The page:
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Unless you're a great fan of long pig, discussion of home grown produce, varieties, methods, hints and tips, and so forth, might be better placed here.

Previously, I've grown raspberries (inherited from the previous owner) outside with no protection or particular care in a reasonably sheltered part of the UK a bit north of London. I have plans to do the same again, but the garden is in need of much work and I need to plan some things also.

This year I've bought tomatoes and gherkins (for growing in a "growbag greenhouse), along with gherkins. These will mainly be turned into a base tomato sauce and bottled, with the gherkins being pickled and used as one base in piccalilli, going forward.

I've also bought chillies to grow on windowsills - they don't seem to be hardy enough to survive outdoors here and my little greenhouse structures don't have the space for everything.

I've seen people using used tyres to create raised beds, but I wonder about leachates for food products, anyone have any information on that? I think they'd work well for potatoes if they don't poison you.

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I've seen raised garden beds here -- East Central Indiana -- with long boards about 4 inches in width fastened two to three high. Good soil is then added into these beds and then the seeds or plants planted.  I have not seen the following done, but I presume for one season you could use cardboard boxes to do the same thing. Probably a lot of smaller boxes would work and would do better to hold the soil in than larger cardboard boxes.

Good luck.

 

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I'd go with grow bags for potatoes over tires, tires regardless of health concerns aren't very space efficient.  You could also build some custom potato grow boxes instead, the lumber might be more expensive for the box but you could re-use it.  These guys have a ton of plans and articles for building various raised beds and planters.  https://www.motherearthnews.com/diy/how-to-build-potato-planter-ze0z1410zcwil/

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Yeah, I wouldn't use tires for this purpose, nor used railroad ties as some folks here do.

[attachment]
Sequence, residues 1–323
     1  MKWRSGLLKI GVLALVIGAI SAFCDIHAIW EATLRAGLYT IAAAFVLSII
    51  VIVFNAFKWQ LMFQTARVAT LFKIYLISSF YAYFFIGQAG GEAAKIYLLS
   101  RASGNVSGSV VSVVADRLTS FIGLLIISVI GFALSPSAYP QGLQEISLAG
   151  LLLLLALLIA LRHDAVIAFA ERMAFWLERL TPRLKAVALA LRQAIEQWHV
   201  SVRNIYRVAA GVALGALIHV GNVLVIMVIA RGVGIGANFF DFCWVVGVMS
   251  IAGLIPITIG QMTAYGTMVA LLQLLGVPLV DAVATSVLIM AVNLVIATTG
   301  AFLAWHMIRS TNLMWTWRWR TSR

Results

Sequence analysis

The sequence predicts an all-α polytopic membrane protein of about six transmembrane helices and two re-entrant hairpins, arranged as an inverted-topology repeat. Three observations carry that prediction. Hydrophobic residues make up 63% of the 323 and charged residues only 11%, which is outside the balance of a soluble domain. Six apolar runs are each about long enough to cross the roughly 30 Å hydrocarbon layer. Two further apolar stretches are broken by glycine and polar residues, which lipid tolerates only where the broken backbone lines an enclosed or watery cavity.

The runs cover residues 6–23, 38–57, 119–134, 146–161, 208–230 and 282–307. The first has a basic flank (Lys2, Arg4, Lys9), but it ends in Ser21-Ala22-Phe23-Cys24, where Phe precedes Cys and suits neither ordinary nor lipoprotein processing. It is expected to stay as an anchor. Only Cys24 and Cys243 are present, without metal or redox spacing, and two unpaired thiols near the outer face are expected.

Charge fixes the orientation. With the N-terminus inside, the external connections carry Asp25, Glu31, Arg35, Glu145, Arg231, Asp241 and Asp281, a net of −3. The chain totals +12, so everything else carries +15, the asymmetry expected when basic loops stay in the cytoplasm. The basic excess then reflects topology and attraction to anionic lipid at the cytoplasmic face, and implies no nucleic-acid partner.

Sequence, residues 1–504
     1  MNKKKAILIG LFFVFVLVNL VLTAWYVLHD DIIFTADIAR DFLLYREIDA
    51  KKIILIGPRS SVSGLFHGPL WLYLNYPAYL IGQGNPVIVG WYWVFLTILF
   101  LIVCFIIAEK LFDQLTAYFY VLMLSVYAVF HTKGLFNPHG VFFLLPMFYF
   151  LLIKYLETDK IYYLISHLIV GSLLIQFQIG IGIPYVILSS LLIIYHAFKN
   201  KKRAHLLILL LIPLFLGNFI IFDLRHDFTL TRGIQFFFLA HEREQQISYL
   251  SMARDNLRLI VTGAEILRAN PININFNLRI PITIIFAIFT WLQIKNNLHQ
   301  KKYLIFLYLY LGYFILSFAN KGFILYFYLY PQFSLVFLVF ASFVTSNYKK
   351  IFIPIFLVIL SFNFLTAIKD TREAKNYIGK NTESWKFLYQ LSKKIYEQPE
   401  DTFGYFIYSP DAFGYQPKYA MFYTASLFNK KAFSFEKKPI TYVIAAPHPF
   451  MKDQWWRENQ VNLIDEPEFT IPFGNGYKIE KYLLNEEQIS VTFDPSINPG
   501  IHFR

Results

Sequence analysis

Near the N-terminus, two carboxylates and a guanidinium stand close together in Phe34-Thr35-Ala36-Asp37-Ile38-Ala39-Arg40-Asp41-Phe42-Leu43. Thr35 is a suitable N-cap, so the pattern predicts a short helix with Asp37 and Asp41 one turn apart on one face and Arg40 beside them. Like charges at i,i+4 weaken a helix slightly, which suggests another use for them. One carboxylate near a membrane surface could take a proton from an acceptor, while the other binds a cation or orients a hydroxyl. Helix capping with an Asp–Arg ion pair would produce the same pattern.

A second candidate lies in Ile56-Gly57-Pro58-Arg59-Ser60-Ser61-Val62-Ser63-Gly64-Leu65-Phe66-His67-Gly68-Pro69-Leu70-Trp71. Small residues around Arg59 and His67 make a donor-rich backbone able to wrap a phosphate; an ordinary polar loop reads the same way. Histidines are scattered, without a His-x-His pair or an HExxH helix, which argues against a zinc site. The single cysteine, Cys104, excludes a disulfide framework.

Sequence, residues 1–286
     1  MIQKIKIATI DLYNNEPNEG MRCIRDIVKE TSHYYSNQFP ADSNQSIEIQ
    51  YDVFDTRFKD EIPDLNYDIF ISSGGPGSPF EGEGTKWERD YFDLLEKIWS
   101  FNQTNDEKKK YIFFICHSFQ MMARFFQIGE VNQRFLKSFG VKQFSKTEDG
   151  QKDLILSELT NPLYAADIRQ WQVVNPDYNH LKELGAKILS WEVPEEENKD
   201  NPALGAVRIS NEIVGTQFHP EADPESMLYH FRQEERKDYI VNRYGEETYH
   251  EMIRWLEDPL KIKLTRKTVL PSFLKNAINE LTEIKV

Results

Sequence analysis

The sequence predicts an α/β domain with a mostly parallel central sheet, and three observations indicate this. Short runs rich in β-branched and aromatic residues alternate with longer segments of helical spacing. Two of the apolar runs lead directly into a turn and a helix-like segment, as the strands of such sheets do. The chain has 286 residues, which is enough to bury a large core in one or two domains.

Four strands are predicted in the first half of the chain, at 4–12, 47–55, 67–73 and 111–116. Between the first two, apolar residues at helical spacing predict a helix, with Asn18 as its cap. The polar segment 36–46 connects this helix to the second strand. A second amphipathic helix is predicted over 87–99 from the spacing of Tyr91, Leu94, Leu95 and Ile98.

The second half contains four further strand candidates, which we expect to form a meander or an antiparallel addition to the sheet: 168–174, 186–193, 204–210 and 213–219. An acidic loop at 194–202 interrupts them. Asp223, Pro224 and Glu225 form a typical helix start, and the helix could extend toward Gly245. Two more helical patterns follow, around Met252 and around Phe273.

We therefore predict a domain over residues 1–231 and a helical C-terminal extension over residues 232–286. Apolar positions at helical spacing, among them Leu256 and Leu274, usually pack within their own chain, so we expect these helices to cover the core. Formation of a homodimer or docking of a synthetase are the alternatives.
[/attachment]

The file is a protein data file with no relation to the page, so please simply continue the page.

I've never done raised-bed gardening, but I watched a Youtube video wherein the guy used cinder blocks laid without mortar. Looked practical. One could use those galvanized spikes to add some stability.

 

 

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I'm putting in simple raised beds here, 4'x8' 8" high made with2x8's.  They'll be sitting on dirt so they don't need to be super deep.  The soil in my backyard is ok but I want to get a jumpstart on building it up so I'll fill them with a mix of compost and top soil.

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I plant tomatoes directly into soil* that I dig a bit and rake to make pretty lose one (it is already relatively loose, but can be a bit more compacted after spring rains). I don't plant a lot of tomatoes, ~10-15 plants which produces enough tomatoes to last me and rest of family over late summer. Cucumbers are also grown same way, and about same quantity. Other than watering those (a lot, summers can be a bit dry here) no additional maintenance is really needed.

Other than that I have two trees of "ringlov" (semi-wild plum species, close to but not really cherry plum) that grow on their own producing more fruit that can be eaten or processed (jam or fruit syrup concentrate, they are not that great in pies), one apple tree (producing pretty sour apples but those are excellent for pies), one pear tree that my mother planted (old method, place semi-rotten fruits into ground and hope for best :)producing extremely sweet pears, bush of mint that has to be trimmed heavily since it grows very, very well, and a bush of the wild rosemary. Oh, and a bush of wild strawberries that produces loads of tiny, tiny (4-5mm) strawberries that taste like most artificial strawberry flavor you can imaginable :)

*Soil here has high % of "black soil" so very little compost is needed and practically no fertilizer. YMMV and method might not be applicable for other places.

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My backyard should be mostly black dirt, but it was a farm yard 20 years ago and according to the neighbor it is very compacted.  I plan on putting in 5 raised beds and digging one equal sized in ground bed for Asparagus.  I'll grow tomatoes, peppers, tomatillos and cucumbers in two of the beds, the other 3 will for green beans (I use them for pickles that I can and freeze the excess) beats, carrots, and summer squash. It's Iowa so I shouldn't have to do much more than water and weed them.  

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Raised beds serve two purposes for me- reducing kneeling and localising soil improvement. The soil is not great and thin. My 1950s property was the last of an estate build and topsoil covers building rubble with only what was left over after robbing by earlier residents.

2*8 boards seem ideal, but I'd need to clear more space for those.

I won't grow mint because it's nearly as invasive as knotweed.

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18 hours ago, Harold Jones said:

Yes, but you can just buy it.  Or grow it as a house plant if you like, just don't plant it in your yard.

Exactly this.

Also, given how mint grows around here, trying to use it all up for mojitos would kill me.

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